SEAT takes the fight

to Nissan

SEAT Ateca, front static
SEAT Ateca, front action
SEAT Ateca, rear action
SEAT Ateca, rear static
SEAT Ateca, rear seats
SEAT Ateca, front seats
SEAT Ateca, dashboard
SEAT Ateca, boot
SEAT Ateca, badge
SEAT Ateca, cabin
SEAT Ateca, upright

FIRST thing to know, Ateca is not the name of a curry.

So says SEAT with a smile, introducing its most important new car in years and its first in the rampagingly popular SUV sector.

In fact, this newcomer is named after a modest Spanish village some miles inland from SEAT's nerve centre in Barcelona where the designers must hope a bit of Latin flair has rubbed off on its new baby.

Destined to become one of the core models of this outpost of the currently troubled VW Group empire, the Ateca is the first shot in an SUV campaign that will see a smaller sibling arrive sometime in 2017.

They can't come quickly enough as industry watchers confidently predict we will all soon be fighting for the keys to an SUV shaped family transporter.

These built-tall-and-butch machines are headed in the sales charts by the Nissan Qashqai, a car so dominant in its part of the market it was picked out and named by SEAT as it introduced its Ateca to the press.

Also detailed with a flourish was the fact (although marketing people can find figures to support most arguments) that an Ateca is likely to cost you up to three per cent less than an equivalent Qashqai. Take that Nissan!

Even so, at a part of the market where emotion rules over simple cost calculations, it might take more than a useful price advantage to persuade people into the SEAT offering.

So designing a car that looks neat, stylish and modern is a good starter. And it does, with crisp lines and a suitably grown up stance, the Ateca scores well in the car park stakes.

Inside, it could comfortably have come from either Skoda or Volkswagen, with the same no nonsense approach to driving that makes those two marques such a sensible choice to people who like their cars simply to work in an uncomplicated way.

It's not quite in Audi interior territory; although as carefully screwed together (by Skoda in the Czech Republic), it lacks the German brand's ultimate layer of glitz. It also costs thousands less, of course.

So perhaps SEAT - until now the difficult to place child in the VW Group portfolio - has found its role in life, to offer a reasonably priced alternative to more obvious names, with a dusting of Spanish design elan in the mix.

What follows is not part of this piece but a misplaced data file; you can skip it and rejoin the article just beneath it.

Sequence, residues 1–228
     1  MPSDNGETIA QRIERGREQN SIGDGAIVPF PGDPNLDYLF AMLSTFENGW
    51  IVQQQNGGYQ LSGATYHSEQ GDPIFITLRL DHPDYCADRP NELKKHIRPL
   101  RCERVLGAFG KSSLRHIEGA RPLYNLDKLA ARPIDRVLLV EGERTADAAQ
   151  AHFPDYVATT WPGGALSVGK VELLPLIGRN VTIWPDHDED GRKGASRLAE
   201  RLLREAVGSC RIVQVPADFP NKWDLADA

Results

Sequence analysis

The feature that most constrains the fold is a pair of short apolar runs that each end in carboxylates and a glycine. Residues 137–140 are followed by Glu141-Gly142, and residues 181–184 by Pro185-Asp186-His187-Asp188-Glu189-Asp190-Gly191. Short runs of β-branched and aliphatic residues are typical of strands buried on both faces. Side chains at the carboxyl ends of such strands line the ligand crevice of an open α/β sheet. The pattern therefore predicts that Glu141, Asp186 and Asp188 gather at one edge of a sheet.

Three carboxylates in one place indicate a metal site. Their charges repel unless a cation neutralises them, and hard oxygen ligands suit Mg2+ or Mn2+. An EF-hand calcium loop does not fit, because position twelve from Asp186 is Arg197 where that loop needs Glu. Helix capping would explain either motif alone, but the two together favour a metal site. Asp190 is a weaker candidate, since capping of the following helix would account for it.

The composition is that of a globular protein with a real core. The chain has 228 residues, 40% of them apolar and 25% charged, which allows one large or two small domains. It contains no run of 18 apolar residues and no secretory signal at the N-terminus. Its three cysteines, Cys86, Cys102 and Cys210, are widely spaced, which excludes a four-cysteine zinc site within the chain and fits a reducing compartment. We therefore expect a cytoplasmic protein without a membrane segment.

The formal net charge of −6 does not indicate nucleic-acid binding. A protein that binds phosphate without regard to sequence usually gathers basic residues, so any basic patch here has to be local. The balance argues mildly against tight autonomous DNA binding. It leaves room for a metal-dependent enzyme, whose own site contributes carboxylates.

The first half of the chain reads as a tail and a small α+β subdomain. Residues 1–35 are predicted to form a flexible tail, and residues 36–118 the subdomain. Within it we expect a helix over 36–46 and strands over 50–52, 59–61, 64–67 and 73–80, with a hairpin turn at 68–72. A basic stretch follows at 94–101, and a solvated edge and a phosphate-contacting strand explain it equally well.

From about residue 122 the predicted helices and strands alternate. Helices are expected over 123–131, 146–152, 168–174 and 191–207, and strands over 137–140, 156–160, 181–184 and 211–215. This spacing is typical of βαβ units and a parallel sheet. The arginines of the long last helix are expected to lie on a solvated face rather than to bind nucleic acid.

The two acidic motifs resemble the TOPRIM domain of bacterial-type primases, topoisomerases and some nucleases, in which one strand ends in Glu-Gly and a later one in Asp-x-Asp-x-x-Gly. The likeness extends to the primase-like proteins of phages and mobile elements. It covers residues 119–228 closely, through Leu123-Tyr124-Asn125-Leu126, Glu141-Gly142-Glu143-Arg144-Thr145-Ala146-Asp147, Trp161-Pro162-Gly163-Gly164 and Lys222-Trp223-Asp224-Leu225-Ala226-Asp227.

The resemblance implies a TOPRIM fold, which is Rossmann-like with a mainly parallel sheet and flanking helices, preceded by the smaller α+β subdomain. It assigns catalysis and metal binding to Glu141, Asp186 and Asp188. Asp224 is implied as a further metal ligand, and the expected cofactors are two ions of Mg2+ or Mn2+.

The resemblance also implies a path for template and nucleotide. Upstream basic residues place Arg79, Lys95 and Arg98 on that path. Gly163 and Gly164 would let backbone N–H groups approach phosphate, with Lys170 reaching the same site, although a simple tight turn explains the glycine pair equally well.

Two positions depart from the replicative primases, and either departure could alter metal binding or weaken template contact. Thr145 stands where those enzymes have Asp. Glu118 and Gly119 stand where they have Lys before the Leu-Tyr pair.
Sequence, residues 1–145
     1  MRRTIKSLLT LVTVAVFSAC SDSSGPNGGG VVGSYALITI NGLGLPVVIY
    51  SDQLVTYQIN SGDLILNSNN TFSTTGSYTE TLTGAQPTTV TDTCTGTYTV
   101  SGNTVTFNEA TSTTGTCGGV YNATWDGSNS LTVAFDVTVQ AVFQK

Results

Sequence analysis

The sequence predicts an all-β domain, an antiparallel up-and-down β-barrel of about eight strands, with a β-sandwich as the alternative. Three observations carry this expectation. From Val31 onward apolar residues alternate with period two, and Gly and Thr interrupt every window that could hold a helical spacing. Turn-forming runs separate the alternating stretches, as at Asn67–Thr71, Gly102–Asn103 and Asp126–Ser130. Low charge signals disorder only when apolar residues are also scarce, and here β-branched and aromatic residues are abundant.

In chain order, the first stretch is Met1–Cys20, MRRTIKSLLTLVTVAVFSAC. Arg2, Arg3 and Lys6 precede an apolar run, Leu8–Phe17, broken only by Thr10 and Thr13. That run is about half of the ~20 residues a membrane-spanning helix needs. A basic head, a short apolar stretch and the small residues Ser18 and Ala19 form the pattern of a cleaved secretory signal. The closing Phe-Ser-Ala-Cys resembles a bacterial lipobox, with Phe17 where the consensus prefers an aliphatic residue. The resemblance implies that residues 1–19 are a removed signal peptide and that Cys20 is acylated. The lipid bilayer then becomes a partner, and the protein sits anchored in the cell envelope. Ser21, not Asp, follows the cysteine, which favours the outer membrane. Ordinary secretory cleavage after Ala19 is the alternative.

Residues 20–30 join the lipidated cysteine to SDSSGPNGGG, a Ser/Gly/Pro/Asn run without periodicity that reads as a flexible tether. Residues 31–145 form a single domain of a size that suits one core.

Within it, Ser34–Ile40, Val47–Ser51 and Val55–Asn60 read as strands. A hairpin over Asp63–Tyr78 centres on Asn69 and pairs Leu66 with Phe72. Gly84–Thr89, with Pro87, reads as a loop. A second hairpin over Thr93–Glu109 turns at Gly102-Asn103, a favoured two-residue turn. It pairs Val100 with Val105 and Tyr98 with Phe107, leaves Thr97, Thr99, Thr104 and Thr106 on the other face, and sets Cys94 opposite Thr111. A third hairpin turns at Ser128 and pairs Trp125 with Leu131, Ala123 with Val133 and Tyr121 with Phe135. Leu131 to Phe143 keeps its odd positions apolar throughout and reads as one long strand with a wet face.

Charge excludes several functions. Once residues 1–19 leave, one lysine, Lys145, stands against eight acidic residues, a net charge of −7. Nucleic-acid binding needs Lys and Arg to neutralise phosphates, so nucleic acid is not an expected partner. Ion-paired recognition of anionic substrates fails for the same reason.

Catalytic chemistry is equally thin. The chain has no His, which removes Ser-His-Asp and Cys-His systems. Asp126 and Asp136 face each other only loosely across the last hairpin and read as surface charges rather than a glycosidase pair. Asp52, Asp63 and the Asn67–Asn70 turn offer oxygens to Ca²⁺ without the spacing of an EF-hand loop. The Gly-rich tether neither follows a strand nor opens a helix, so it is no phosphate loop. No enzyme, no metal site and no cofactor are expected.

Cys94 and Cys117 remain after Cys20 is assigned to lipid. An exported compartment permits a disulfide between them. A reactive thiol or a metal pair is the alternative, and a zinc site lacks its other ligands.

Propelling the new Ateca is a familiar mix of two petrol and three diesel engines, with a potentially frugal 1.0 litre petrol at the entry level, from £17,990 and a £29,990 2.0 litre diesel auto with on demand four-wheel drive at the summit.

In fact, should you want either all-wheel drive or automatic gears you'll have to head for a 2.0 diesel, although SEAT thinks likely best sellers are 1.4 TSI petrol (in top Xcellence trim) and 2.0 TDI 150 for private buyers with fleet users gravitating to an SE 1.6 TDI Ecomotive.

The Ateca might look capable of modest off-roading, a primary attraction of SUVs even if they venture no further than a kerb in the Waitrose car park, but a modest 15 per cent of them will have SEAT's 4Drive fitted.

More important to more buyers will be the techie bits inside the car that let you fully integrate your mobile phone, regardless of make and, standard on every Ateca, emergency braking that stops you in low speed likely collisions if you're not paying attention.

Open the tailgate (by waving your foot under the bumper if you add the right options pack) and you'll find a boot that is a bit bigger than the Qashqai's (that name again) and can be turned into a fine attempt at a van by easily flopping the rear seatback forward.

Venture into any of the SEAT's seats and you could be in any of the recent similarly sized products from the VW Group. Take that as a compliment and tribute to a colossal research and development budget that makes any SEAT (or VW, Audi or Skoda) so comfortably easy to drive.

The driver is faced by a dashboard that favours simplicity and sense over glitz and is all the better for it. You might call it just a touch dull (also, the black on black feel of the cabin as a whole) but there's no doubting it all works well.

So does the car when you head out for a drive, powered by the likely private buyer's favourite 1.4 litre petrol engine in a £21,015 Ateca SE. Its 150 horsepower and willingness to rev politely mean there's enough overtaking potential to mean an Ateca packed with people and holiday luggage won't feel out of its depth.

The ride is on the firmish side of limo-like but that means this biggish and tallish car feels reasonably crisp when you ask it to change direction, which is what you hope a family friendly SUV will provide.

It also showed 42mpg after a modestly demanding test drive, with a switch to a 150 horsepower diesel with 4Drive in Xcellence trim doing better, at 53mpg but topping £30,000 with a few extras on board.

The sweet spot of the range is probably the 1.4 petrol version, especially if you are unlikely to rack up interstellar mileages, where a diesel is the more sensible choice.

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